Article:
According to ZeroHedge, 93% of all asset classes traced by Deutsche Bank posted negative returns for 2018 as of 20th December, making it “The Worst Year on Record” based on data back to 1901. It’s worth mentioning that just in the previous year, the aforementioned ratio was only 1%; the dramatic turn of the financial markets was obvious. In 2019, the major risks for US economy are mostly still in prevalent.
One of the main reasons for the economic downturn in 2018 is the tightening policy taken by the Federal Reserve. The Fed has been undergoing balance sheet normalization for a couple of years. Last year, the Fed has raised interest rates 4 times, raising it from 1.5% to 2.5%. The effects have been significant, given that most of the growth during the past decade is attributable to the low rate environment. Now the QE era is over, the turning point has come, and 2018 can be seen as the critical year that sets the tone for the coming years.
Figure 1: Market-implied Probability of December 2018 Rate Hike
Figure 2: Market-implied Rate Probability for 20 March FOMC Meeting
“Inversion” of the Yield Curve
A few weeks ago, the Fed changed its hawkish tone and adopted a more hesitant attitude towards rate hikes, or put another way, they are becoming more “data-dependent”. This uncertainty leads to a major risk. Fed has to be more careful than ever on its policy decisions. Once the Fed makes one wrong move or shows any sign that it doesn’t have things under control, the market will release the long-awaited pessimism, just like the panicked selloff known as the Taper Tantrum caused by the announcement of Fed’s tightening policy. The butterfly effect that might follow could lead us to even bigger troubles. The market consensus for 2019 rate hikes has been swinging. It is unclear how many hikes we will face this year.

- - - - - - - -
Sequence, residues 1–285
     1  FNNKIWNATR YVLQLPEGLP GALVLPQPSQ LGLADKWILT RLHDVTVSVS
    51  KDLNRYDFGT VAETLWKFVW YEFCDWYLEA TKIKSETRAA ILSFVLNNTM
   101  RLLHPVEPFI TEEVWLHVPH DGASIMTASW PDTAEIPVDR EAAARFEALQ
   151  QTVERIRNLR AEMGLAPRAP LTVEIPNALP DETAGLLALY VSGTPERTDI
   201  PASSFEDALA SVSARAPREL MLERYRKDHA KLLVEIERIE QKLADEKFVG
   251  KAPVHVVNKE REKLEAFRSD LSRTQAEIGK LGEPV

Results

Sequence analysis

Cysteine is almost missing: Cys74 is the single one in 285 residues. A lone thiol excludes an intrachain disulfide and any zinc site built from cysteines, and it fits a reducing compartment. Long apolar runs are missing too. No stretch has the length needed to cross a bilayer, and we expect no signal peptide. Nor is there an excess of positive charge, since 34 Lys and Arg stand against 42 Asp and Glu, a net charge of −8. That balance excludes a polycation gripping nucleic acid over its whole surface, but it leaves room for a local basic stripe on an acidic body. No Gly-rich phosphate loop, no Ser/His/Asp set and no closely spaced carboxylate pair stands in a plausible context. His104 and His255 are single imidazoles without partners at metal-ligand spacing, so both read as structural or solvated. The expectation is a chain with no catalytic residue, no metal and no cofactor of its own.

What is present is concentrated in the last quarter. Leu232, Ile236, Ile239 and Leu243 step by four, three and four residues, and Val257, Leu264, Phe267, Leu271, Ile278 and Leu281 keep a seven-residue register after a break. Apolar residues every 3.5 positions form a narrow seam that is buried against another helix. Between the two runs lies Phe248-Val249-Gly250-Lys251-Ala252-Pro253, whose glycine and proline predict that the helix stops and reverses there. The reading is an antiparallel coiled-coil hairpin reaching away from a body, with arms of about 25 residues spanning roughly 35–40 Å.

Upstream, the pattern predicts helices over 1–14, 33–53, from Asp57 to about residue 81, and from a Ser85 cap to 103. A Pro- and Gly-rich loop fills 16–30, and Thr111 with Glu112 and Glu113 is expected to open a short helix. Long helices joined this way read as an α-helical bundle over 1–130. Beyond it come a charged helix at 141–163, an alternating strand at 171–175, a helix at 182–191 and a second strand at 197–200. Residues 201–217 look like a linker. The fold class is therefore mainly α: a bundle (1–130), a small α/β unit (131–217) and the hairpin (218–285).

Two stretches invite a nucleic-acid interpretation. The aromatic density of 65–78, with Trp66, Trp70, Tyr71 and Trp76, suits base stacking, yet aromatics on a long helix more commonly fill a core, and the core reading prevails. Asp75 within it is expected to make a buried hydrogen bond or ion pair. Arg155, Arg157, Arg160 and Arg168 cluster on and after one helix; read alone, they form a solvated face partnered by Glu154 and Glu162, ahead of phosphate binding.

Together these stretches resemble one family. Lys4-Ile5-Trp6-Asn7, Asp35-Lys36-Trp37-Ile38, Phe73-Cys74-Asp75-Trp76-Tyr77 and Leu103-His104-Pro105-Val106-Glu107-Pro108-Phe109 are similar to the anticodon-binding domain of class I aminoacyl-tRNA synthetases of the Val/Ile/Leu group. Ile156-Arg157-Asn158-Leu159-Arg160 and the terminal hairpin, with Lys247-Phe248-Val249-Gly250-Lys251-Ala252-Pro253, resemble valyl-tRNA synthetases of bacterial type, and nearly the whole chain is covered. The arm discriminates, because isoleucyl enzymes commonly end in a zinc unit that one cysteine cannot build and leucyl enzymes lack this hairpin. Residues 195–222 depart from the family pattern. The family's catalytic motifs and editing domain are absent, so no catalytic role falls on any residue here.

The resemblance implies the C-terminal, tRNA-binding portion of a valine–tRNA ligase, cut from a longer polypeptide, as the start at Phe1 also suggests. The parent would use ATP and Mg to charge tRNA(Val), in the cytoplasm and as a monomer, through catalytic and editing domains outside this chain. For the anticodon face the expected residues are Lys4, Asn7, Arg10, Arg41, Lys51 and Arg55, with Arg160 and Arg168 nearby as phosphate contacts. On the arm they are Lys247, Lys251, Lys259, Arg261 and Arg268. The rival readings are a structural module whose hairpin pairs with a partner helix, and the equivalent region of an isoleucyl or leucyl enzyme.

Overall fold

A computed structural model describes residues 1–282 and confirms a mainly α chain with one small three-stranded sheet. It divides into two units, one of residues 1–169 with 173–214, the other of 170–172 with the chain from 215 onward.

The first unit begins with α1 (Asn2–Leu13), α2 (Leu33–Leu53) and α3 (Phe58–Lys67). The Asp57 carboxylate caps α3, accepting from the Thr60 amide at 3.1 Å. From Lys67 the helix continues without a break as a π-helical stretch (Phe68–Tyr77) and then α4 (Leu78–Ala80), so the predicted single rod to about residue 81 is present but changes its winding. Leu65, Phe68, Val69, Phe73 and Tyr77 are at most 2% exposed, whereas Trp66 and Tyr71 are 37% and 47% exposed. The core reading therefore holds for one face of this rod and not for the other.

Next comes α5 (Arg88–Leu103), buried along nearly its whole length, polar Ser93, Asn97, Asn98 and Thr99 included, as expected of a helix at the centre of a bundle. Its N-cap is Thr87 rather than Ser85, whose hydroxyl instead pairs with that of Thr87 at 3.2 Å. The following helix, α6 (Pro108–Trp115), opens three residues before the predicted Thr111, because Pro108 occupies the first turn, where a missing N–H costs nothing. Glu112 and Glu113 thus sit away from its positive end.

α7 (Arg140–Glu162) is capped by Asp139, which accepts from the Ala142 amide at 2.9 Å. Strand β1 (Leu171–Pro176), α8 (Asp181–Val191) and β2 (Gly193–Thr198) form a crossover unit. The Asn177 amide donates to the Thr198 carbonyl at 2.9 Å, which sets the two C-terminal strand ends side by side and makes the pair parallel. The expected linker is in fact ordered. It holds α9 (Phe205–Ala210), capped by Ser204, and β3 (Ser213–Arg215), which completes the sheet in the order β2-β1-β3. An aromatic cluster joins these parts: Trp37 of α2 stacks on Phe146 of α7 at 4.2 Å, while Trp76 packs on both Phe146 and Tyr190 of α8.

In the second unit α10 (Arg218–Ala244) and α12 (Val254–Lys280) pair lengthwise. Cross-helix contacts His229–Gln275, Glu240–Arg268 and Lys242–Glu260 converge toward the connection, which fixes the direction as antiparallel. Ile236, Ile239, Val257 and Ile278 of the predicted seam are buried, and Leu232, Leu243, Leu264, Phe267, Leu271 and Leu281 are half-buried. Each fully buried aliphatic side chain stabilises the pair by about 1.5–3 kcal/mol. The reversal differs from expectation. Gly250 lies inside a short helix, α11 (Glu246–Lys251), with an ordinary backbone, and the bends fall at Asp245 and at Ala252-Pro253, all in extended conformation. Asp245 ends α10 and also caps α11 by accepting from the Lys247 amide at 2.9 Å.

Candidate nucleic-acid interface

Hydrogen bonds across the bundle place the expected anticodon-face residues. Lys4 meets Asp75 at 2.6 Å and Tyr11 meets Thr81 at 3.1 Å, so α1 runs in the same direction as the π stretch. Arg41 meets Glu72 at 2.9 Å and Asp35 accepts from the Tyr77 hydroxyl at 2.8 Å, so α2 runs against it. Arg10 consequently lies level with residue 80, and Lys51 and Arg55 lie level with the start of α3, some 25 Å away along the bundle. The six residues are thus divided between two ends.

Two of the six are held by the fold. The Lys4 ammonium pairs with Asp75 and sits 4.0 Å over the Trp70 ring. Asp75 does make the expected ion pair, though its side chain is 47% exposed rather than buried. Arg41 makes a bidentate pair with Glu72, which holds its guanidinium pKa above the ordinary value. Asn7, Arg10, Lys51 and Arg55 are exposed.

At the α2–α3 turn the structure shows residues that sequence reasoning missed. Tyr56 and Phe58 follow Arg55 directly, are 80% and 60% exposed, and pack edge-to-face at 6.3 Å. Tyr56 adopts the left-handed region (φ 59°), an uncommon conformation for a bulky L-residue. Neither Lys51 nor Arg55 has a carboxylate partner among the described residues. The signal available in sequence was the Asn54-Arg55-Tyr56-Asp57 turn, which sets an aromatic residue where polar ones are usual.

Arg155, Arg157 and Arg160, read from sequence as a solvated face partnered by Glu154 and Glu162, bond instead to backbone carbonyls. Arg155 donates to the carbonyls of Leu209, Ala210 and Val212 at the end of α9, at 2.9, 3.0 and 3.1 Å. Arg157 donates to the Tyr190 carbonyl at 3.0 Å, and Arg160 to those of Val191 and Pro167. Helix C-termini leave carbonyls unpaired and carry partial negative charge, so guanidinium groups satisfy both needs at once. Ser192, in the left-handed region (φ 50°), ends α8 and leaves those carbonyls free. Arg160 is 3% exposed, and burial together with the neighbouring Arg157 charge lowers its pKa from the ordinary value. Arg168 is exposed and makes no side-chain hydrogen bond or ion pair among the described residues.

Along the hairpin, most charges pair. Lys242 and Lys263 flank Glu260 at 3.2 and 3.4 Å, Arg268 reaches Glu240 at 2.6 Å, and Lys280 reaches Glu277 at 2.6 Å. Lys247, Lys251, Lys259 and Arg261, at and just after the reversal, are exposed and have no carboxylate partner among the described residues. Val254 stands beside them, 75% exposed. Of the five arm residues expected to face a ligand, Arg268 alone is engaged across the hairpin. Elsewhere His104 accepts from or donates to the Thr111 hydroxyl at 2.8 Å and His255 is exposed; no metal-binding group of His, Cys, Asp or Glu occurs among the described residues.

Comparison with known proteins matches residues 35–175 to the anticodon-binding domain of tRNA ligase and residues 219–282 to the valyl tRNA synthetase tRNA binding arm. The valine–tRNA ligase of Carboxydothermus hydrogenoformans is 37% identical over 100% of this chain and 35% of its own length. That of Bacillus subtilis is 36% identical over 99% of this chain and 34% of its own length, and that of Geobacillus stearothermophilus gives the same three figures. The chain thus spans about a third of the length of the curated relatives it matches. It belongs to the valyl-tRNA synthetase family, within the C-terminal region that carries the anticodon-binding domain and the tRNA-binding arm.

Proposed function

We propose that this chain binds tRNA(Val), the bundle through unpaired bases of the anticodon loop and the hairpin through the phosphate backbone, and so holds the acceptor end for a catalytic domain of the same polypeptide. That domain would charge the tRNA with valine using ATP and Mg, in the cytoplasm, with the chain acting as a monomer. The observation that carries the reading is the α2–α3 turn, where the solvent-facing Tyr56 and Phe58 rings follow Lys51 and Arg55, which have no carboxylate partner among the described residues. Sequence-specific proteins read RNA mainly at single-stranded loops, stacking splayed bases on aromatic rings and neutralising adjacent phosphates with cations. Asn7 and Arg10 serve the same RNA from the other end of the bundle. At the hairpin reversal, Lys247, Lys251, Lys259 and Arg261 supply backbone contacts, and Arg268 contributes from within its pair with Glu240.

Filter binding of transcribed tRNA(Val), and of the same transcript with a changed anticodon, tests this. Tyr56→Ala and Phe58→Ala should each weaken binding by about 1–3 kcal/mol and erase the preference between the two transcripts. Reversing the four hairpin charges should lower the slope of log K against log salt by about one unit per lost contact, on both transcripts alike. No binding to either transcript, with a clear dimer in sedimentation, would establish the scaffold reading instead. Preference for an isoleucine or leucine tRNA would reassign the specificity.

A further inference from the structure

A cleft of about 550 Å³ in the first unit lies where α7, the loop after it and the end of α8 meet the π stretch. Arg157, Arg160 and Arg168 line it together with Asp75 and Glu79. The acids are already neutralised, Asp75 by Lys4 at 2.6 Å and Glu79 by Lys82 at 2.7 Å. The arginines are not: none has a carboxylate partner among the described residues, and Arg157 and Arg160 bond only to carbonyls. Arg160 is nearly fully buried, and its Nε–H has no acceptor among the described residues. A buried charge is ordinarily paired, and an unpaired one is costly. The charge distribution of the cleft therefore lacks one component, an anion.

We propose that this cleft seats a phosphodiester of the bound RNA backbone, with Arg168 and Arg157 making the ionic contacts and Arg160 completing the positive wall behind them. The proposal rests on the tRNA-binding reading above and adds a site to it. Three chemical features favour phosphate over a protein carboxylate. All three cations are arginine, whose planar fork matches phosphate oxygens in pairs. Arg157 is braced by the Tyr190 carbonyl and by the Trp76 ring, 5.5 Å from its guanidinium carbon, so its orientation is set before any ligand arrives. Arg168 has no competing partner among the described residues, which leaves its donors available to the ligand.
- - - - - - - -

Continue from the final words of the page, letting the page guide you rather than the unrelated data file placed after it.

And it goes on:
On 3rd December 2018, the yield to maturity of 3-year bond and 5-year bond inverted, which means the return of investing in the short-term bond became higher than that of the long-term bond. This is a significant event that hasn’t happened for 11 years, i.e. since the financial crisis. The short end of the yield curve is decided by the Fed policy, while the long end is decided mostly by the market. The inversion on the yield curve often indicates a pessimistic expectation for the economy and is often followed by a recession. The Fed might have risen rates too quickly in the past year, and investors are demanding a lot of safety nets at the expense of higher return. What makes it less frustrating is that the spread between the 2-year bond the 10-year bond, which is used as a more formal indicator, is still positive. The warning sign was clear, but the “real inversion” hasn’t happened yet.
However, when taking into account the context of soaring government debt, the result will become more worrying.
Figure 3: Historical Relationship between Yield Spreads and Recessions
Figure 4: Federal Debt Held by the Public
Figure 5: Average Maturity & Percentage of LT-Bonds
US Federal Deficit, the Elephant in the Room
The federal government has long been spending much more than it takes in. To finance the persistently huge deficit, the government has accumulated an enormous amount of debt, which is still increasing and shows no signs of slowing down.
According to the data available at CBO, government debt has reached the highest level since the World War Ⅱ. The government has been supplying investors with huge volumes of bond issuances. In 2018, the federal government issued ＄1.3 trillion of new debt, rising 146% from the previous year. Besides the surge in the volume, the debt has also become longer term. The average maturity of bonds has gone up from the pre-crisis level of 50 months to today number of around 70 months.
The volume uptick combined with the lengthening of maturity would push up the long end of the yield curve. If it weren’t for the “artificially high” long term yield, we might have witnessed a full inversion instead of a quasi-one.